By using this site, you agree to our updated Privacy Policy and our Terms of Use. Manage your Cookies Settings.
432,175 Members | 1,710 Online
Bytes IT Community
+ Ask a Question
Need help? Post your question and get tips & solutions from a community of 432,175 IT Pros & Developers. It's quick & easy.

Automating user changes to database

P: n/a
This post is for senior developers.

I'm an Access contractor. This morning I see a listing for a position
that seems to require development of a self-modifying database. The
application may need to provide an interface for the user to add
fields and possibly tables on the fly, with automated form and report
modification and generation.

I have never done this. While I have worked on projects where this
might have been useful, it has seemed to me that it would be difficult
to automatically generate forms/reports that are good looking and
functionally complete.

I have seen posts that suggest that others have managed to do this. If
anyone has success stories, advice on how to skill up, book
suggestions, and advice on estimating what's doable, I would appreciate

Thanks. I realize this is not a very specific request, but any
responses would be appreciated.

Nov 13 '05 #1
Share this Question
Share on Google+
2 Replies

P: n/a


The difficulty depends on how tightly bound the 'custom' fields are
expected to the 'standard' data. If it is acceptable to have the custom

fields treated separately from the standard fields, then I would be
tempted to keep all the custom attributes in a one table, and all the
custom attribute definitions in another, with several support tables.

Sample table layouts:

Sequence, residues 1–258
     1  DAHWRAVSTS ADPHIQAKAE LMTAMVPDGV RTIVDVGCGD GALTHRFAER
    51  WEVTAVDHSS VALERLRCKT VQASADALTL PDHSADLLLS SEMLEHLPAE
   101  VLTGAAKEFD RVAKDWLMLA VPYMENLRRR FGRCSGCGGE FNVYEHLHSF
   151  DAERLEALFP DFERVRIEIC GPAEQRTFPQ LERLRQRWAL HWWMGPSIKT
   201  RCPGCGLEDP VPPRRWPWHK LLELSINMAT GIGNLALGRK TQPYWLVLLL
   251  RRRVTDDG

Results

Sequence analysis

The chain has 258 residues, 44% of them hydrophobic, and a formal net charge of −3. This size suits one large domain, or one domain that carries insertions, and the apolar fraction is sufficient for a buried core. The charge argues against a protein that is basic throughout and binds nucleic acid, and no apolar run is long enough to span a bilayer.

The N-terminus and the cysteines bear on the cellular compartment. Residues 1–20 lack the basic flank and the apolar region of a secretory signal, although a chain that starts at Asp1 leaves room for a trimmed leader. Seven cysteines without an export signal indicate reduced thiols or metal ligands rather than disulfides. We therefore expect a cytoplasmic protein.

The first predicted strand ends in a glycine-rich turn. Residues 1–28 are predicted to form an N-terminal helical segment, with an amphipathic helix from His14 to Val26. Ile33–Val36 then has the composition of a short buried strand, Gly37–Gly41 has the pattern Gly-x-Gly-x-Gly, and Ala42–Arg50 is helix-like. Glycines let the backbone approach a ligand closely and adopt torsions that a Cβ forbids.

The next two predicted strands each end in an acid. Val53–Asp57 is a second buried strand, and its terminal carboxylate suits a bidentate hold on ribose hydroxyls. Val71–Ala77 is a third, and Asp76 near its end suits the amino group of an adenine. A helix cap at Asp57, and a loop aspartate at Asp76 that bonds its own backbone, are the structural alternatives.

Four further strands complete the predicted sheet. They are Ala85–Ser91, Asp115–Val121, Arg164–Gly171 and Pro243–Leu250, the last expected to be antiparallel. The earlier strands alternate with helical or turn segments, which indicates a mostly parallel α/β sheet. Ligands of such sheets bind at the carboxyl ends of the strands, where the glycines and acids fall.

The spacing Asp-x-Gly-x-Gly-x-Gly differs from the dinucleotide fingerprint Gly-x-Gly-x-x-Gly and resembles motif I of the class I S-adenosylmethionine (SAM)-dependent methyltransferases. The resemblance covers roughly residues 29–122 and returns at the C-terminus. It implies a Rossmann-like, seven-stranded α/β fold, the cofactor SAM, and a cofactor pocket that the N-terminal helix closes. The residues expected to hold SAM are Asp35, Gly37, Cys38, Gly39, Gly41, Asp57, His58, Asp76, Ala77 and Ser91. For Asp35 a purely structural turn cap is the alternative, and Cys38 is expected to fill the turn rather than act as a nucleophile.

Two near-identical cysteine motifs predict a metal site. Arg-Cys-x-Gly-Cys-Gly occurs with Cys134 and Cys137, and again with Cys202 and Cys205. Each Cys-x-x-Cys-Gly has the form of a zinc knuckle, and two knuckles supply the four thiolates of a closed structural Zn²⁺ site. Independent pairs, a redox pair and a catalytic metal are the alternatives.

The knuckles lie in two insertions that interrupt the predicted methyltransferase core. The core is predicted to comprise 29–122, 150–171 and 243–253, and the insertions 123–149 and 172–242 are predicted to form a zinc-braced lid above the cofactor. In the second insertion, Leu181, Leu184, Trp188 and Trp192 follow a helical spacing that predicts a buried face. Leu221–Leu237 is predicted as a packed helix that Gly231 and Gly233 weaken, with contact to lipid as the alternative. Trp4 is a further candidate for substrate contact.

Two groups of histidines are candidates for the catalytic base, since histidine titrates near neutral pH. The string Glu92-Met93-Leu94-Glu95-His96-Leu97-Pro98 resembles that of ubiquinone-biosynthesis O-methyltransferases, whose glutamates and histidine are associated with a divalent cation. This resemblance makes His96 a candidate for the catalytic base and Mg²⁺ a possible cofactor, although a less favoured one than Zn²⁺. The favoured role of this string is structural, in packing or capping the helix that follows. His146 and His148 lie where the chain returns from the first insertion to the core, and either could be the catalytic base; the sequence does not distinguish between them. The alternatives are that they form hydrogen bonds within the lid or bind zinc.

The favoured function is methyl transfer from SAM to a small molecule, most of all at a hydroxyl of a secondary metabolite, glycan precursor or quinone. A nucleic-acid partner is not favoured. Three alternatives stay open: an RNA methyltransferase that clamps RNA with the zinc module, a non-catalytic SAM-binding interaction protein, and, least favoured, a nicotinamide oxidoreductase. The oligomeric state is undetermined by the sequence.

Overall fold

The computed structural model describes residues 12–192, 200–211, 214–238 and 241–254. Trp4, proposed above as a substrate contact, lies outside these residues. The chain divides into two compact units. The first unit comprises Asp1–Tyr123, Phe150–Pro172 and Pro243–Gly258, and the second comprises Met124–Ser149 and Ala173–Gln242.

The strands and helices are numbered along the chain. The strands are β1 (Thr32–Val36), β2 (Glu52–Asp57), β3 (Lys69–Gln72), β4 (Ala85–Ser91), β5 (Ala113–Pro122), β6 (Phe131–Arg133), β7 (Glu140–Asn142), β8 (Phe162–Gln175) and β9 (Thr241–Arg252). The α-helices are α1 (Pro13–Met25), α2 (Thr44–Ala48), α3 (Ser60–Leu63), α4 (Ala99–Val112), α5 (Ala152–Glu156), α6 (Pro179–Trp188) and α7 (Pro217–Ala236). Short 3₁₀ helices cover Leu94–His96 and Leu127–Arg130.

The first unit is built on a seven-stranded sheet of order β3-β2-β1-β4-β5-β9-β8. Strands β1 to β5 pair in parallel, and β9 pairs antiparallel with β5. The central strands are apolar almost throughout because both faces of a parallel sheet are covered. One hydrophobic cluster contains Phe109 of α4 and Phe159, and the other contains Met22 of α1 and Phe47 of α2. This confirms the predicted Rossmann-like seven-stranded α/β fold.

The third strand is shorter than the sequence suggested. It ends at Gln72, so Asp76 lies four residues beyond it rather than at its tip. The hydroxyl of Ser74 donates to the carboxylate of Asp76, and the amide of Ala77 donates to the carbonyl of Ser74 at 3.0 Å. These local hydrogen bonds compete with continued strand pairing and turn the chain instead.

AttributeType Long ' Primary; List of VBA VarType values
AttrTypeName Text(32)
AttrTypeFormat Text(255) ' Format string for Format() function
AttrTypeNum Boolean ' True=Numeric; False=Text

AttrTableID Autonumber ' Primary
AttrTableName Text(255)

AttributeDefID Autonumber ' Primary
AttrTableID Long ' Foriegn Key to tblAttrTables
AttributeType Long ' Foriegn Key to tblAttributeTypes
AttrDefName Text(32) ' Foriegn Key to tblTables
AttrDefFormat Text(255) ' Format string for Format() function
AttrDefActive Boolean ' True=Definition active

AttributeID Autonumber ' Primary
AttrRecordKey Long ' Foriegn key to records
AttributeDefID Long ' Foriegn key to tblAttributeDefs
AttrDisplayText Text(255) ' Formatted with AttrDefFormat
AttrValueNum Decimal ' Holds numeric values
AttrValueText Text(255) ' Holds Text values

AttrRecordKey Long ' Single-record global counter

Some explanation: this table layout lets you define a list of
attributes for any attributable table. The user can then add any number
of table-specific attributes for a record in that table. You can define
the default format for the data.

Attributes are typed like variants. Since Access can't store a variant
in a single field, two fields are required: one for text values, and
the other for numeric (boolean, integer, long, floats, date...). This
allows users to define any type of data for their tables.

One special field is AttrRecordKey. This field is tied to a counter
table which is read and incremented for each record that the user adds
custom attributes to, regardless of table. This key is unique across
all records in all tables, not just for a single table, like an
autonumber. This allows a single table, tblAttributes, to be keyed to
any record in the database.

The benefit of this approach is simplicity: you have a single form to
edit/add attribute definitions for any table; a single subform to
display/add/edit attributes for any record; and a single subreport to
print them.

This avoids supporting self-modifying changes to existing forms,
reports, queries and tables. The Variant Attribute Table approach is
far preferable to any self-modifying scheme, which is bound to be
complex and unreliable.


Nov 13 '05 #2

P: n/a
Thanks, Ken. This looks like an excellent approach.

Nov 13 '05 #3

This discussion thread is closed

Replies have been disabled for this discussion.